|CR||6–22 (by age category)|
|Images of umbral dragons|
Source: Bestiary 2, pg(s). 102
Torn between the Material Plane and the Plane of Shadows, umbral dragons do not truly belong to either. As fearsome as any dragon, they posses a breath that scours the very life force of their opponents, and can also devour incorporeal undead by tearing at the essence of their undead souls. They are one example of the extraplanar true dragons known as primal dragons.
An umbral dragon resembles a lean, feral black dragon. Its body is a deep black, like the darkest of shadows, and sleek and serpentine in shape without the many fins that a black dragon uses for swimming. Its tail tapers to a point in a far more snake-like manner than the muscular, lizard-like tail of a black dragon. Their faces are smooth and lack the horny nodules that many black dragons gain later in life. An umbral dragon's horns sweep back behind its head, unlike the black dragon's, whose horns sweep forward. The umbral dragon's eyes are distinct pits of deep crimson.
Habitat and ecology
Umbral dragons reside on the Plane of Shadows that spawned them. When not on their native plane, umbral dragons tend to seek areas that mimic its darkened depths. These lairs include dark and overgrown forests, gloomy swamps, storm-shrouded mountaintops, and lightless underground depths.
Like most dragons, umbral dragons are solitary predators. But unlike most dragons, they have access to a unique prey: incorporeal undead. How much nutrition they actually draw from their ghostly prey is unknown, but they actively seek out haunted ruins to devour undead, which adds to their fearsome reputation. Likewise, their ability to devour ethereal undead and their negative energy breath makes umbral dragons popular mounts for powerful undead. Despite the risks, powerful vampires, liches, and necromancers have ridden umbral dragons. Still, they are fickle creatures who have dropped more than one such rider from the sky or torn them apart.
Umbral dragons can breathe devastating cones of negative energy that strips the life from living creatures and heals those whose unlife is fueled by it. Unlike most creatures, their material bodies can harm incorporeal creatures, and older, more powerful umbral dragons can command undead creatures.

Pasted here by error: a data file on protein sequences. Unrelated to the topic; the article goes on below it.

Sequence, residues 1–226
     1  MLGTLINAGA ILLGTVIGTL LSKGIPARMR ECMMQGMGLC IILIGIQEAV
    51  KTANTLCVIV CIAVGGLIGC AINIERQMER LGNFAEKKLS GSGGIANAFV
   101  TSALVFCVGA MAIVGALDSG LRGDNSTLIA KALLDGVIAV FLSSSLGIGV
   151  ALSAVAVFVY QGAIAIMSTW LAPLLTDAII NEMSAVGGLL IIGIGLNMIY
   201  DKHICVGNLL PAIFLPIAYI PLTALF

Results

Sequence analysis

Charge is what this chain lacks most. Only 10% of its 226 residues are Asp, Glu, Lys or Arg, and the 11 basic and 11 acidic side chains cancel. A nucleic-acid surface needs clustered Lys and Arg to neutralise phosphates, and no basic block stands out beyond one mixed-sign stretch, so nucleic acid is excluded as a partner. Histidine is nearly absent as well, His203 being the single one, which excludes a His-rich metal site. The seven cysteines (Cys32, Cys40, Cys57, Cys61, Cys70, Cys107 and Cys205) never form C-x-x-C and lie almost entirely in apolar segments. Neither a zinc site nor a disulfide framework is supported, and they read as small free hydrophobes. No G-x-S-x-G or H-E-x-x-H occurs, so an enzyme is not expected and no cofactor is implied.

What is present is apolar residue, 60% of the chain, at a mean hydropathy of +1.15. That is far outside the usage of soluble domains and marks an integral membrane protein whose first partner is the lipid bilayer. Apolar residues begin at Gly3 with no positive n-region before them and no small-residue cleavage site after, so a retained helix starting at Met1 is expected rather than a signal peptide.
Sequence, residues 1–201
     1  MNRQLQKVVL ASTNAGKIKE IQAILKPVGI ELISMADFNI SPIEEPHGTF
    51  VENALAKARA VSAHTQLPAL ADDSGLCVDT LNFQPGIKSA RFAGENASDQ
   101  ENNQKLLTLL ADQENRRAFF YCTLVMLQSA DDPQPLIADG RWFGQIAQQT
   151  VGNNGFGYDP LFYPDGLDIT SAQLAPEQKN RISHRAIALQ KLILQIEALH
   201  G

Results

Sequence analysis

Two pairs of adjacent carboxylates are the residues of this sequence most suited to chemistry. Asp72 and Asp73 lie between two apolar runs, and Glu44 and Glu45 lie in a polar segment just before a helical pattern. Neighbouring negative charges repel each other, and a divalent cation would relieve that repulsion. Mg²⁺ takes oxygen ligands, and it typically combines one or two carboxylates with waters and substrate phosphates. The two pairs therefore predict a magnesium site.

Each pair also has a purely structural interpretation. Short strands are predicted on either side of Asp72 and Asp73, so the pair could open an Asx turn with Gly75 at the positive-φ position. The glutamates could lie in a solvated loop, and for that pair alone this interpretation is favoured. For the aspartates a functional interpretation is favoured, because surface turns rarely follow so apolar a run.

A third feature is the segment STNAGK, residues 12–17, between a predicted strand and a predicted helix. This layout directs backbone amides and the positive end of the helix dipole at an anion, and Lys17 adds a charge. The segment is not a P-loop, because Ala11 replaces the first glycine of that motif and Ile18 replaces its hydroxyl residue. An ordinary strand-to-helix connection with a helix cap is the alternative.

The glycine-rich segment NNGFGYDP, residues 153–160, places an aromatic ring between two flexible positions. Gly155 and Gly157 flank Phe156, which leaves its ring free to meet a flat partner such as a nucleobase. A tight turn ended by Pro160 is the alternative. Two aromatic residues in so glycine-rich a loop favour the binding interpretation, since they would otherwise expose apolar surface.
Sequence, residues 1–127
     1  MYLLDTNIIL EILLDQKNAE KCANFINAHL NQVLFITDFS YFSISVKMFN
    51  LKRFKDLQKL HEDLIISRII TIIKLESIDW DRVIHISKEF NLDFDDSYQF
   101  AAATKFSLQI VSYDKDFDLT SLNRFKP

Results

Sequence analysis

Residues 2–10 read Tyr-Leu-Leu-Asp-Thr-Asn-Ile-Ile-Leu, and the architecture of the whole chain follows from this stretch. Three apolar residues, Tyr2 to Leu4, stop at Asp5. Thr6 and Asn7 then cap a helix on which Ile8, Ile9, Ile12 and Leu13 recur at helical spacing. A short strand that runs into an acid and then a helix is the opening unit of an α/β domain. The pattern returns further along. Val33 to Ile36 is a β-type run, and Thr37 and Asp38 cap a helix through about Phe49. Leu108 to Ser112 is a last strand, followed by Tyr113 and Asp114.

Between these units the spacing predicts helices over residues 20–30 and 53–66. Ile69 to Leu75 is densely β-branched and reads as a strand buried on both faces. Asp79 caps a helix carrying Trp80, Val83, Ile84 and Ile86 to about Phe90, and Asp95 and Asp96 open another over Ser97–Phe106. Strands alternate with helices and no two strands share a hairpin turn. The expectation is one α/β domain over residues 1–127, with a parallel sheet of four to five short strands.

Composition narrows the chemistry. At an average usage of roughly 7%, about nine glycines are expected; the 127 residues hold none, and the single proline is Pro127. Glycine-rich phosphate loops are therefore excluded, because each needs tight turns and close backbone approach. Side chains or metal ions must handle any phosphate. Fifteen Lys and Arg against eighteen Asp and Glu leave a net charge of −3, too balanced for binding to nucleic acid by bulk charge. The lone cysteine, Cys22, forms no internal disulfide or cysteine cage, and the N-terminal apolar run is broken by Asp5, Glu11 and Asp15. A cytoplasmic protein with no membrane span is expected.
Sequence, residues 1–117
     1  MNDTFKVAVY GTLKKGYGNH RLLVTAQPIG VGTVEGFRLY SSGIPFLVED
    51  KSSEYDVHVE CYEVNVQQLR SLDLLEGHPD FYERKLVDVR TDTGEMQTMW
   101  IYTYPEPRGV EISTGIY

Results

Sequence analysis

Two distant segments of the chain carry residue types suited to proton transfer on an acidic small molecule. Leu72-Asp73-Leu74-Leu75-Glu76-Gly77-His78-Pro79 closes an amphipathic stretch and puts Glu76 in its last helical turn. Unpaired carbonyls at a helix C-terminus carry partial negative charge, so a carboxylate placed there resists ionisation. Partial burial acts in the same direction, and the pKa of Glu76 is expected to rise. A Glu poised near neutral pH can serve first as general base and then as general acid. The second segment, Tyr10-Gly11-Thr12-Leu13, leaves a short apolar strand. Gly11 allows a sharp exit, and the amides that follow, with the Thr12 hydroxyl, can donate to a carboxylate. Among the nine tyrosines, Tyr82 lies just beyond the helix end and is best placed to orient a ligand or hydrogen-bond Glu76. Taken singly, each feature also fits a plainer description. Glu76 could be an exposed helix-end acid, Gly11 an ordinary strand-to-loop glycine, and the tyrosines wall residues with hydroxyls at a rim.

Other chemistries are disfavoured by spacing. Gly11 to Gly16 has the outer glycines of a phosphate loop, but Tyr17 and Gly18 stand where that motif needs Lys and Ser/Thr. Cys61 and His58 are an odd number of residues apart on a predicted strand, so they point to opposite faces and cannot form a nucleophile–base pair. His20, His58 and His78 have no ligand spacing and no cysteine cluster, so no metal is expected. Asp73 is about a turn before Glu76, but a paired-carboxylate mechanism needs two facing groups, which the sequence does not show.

As long as they are near some source of shadow, umbral dragons can hide within them.
- See also: Category:Umbral dragon/Inhabitants
- The shadowy trails of the Mendor Mountains between Molthune and Cheliax are the lair of the old umbral dragon Gandrohal. He feeds on the incorporeal undead that haunt this twilight world, and the occasional living creature that loses its way.
- In their ongoing battle against the undead, Nexian clerics of Pharasma coaxed the young adult umbral dragon Ghostmaw to leave his home in the Shattered Range of southern Garund. After paying him ever-escalating fees, they send him into the Mana Wastes to hunt their many foes there.
- In the Vale of Shadows, the umbral dragon Kedretitas guards a Star Tower.
- The umbral dragon Sicnavier terrorizes Ustalav from its home in Virlych.
- In a repurposed necromancer's sanctuary below the Umbral Basin, the great wyrm Fahrauth has set his lair.
- Sean K Reynolds, & Greg A. Vaughan. (2008). Bestiary. Skeletons of Scarwall, p. 86. Paizo Publishing, LLC. ISBN 978-1-60125-099-5
- Mike McArtor. (2009). Dragons Revisited, p. 5. Paizo Publishing, LLC. ISBN 978-1-60125-165-7
- Sean K Reynolds, & Greg A. Vaughan. (2008). Bestiary. Skeletons of Scarwall, p. 88. Paizo Publishing, LLC. ISBN 978-1-60125-099-5
- Greg A. Vaughan. (2008). Skeletons of Scarwall. Skeletons of Scarwall, p. 88-89. Paizo Publishing, LLC. ISBN 978-1-60125-099-5
- Sean K Reynolds, & Greg A. Vaughan. (2008). Bestiary. Skeletons of Scarwall, p. 89. Paizo Publishing, LLC. ISBN 978-1-60125-099-5
- Howard Andrew Jones. (2011). Plague of Shadows, p. 242-249. Paizo Publishing, LLC. ISBN 978-1-60125-291-3
- F. Wesley Schneider. (2011). Rule of Fear, p. 62. Paizo Publishing, LLC. ISBN 978-1-60125-301-9
- Savannah Broadway et al. (2013). Dragons Unleashed, p. 20. Paizo Publishing, LLC. ISBN 978-1-60125-525-9